Despite being under the influence of a controlling religious sect, Karen Robidoux could have done something to prevent the child’s death, a child nutrition expert testifies.
TAUNTON — Karen E. Robidoux‘s defense lawyer and a pediatrician agreed she was under the control of an Attleboro religious sect, but the expert insisted Robidoux could have saved her infant and not carried out the sect’s vision that required her to deny solid food to the boy.
“She knew perfectly well that the child was dying,” nutrition expert Dr. Eli H. Newberger said yesterday in a combative exchange with lawyer Joseph F. Krowski on the third day of testimony in Robidoux’s murder trial. Newberger, a prosecution witness who once helped Peace Corps volunteers assist starving people in West African countries, testified that based on a psychologist’s evaluation of Robidoux and on notes by sect leaders, he believed Robidoux could have left the house, signaled neighbors or something else to get help.
But just as several former sect members have testified, Daniel Horton yesterday said leaving was hardly like walking out the door. He tried to quit the sect four times, succeeding with his wife and five children on the fourth attempt.
Horton said sect leaders spread fear in people either born into sect households — such as Karen Robidoux — or those indoctrinated over just a few years. Anyone who left was warned he was rejoining a world controlled by Satan. Anyone who left was leaving their loved one and children behind — with no assurances of the loved ones’ future safety. And for a woman, who was always submissive to the man in a sect marriage, it could be harder. Robidoux was married to Jacques Robidoux, a sect elder.
“I felt that my life had been taken away, that I couldn’t make a decision about anything,” Horton testified. These days, he added, “I am ashamed and repulsed by the teachings of the group.”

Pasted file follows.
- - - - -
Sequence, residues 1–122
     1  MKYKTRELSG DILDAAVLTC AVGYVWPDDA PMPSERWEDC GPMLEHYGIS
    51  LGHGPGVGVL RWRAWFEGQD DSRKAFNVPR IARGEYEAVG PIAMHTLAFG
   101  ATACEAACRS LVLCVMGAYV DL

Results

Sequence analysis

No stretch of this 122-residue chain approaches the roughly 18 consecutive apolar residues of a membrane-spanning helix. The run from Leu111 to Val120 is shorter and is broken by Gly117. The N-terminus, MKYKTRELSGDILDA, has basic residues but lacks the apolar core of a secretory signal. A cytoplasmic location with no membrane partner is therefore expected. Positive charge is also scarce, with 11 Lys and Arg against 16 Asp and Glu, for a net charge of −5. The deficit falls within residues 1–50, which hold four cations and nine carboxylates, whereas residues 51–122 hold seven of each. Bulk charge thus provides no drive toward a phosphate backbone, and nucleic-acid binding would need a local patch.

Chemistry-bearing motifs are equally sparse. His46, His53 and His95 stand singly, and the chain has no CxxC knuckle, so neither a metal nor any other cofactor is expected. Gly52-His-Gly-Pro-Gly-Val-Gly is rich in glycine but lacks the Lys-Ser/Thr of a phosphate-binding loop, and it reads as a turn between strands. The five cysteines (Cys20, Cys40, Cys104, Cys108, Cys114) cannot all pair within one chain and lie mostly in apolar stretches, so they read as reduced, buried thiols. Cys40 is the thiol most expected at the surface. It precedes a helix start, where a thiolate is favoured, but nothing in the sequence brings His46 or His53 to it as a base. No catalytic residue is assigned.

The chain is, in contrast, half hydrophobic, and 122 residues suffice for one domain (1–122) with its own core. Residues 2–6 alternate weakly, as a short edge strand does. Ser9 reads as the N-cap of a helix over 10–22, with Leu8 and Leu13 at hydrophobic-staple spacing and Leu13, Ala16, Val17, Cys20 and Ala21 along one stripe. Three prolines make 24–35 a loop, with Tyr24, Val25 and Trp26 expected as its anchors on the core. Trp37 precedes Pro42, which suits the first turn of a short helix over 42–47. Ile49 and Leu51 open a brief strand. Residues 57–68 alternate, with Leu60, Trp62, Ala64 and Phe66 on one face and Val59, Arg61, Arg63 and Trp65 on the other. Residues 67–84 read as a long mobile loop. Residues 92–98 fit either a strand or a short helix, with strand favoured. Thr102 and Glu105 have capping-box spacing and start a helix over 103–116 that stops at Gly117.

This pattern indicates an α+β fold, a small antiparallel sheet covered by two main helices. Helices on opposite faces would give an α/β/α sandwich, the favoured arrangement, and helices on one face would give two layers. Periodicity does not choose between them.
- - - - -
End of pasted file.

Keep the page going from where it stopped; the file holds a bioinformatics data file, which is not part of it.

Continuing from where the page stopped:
Yesterday, 12 jurors and 4 alternates got a look at the boy’s resting place: photos of the plywood box in which he was buried in Maine’s Baxter State Park. Experts testified that Samuel Robidoux’s bones had brittle, hole-riddled areas — called “porosity” — throughout, a tell-tale sign of starvation in the last months of his life.
Samuel Robidoux was 11 months old when he died in 1999 after subsisting on a 51-day diet of only breast milk — the result of a vision by sect member G. Michelle Mingo that said Robidoux needed to begin the feeding regimen to atone for vanity in her appearance. As part of the vision, Robidoux had to drink a gallon or more of almond milk each day. She was required to breast feed for 10 minutes, on the hour, 24 hours a day, Krowski said. Krowski argued that Mingo’s motivation, veiled in religious overtones, was jealousy: Robidoux is thin and petite; Mingo is heavyset.
Because Robidoux was pregnant at the same time, she could not produce enough breast milk for Samuel. The almond milk also did not provide enough of the nutrients a mother needs to nurse, especially with another child in the womb.
Samuel Robidoux died because the sect-imposed feeding regimen provided him insufficient vitamin C, Dr. Marcella Sorg, a forensic anthropologist, testified yesterday.
Krowski’s questioning, however, touched upon Robidoux’s breast-feeding of Samuel, and, at one point, how she tried to give the baby some applesauce — only to be stopped by sect leaders.
Experts testified to the boy’s pain and the incessant crying brought on by hunger.
Krowski has gotten former sect members to describe how they spanked their children with sect-authorized paddles, gave up music, eyeglasses, entertainment and shunned contact with people outside the sect or who disobeyed sect leaders.
Assistant District Attorney Walter Shea has gotten former members to admit that many decisions were their own. Some of them left of their own will, while others were put out. One member, Nicole Kidson, defied a sect edict that banned eyeglasses.
Under questioning from Krowski, Newberger agreed that the sect, by equipping members with paddles to spank their children, created an environment of fear that could have made it hard — but hardly impossible — for someone to defy them. And he agreed that Robidoux was, “no question,” under sect control.
Newberger said there is no question that people can be controlled in certain settings. “But this does not mean they are totally unmoored from their role as human beings,” Newberger said.
Newberger said notes from the defense’s psychologist have shown Robidoux admitted she was aware of what she was doing when the boy starved. Newberger conceded under questioning he had not interviewed former sect members or Karen Robidoux in coming to his conclusion that she could have gotten the child out of the sect.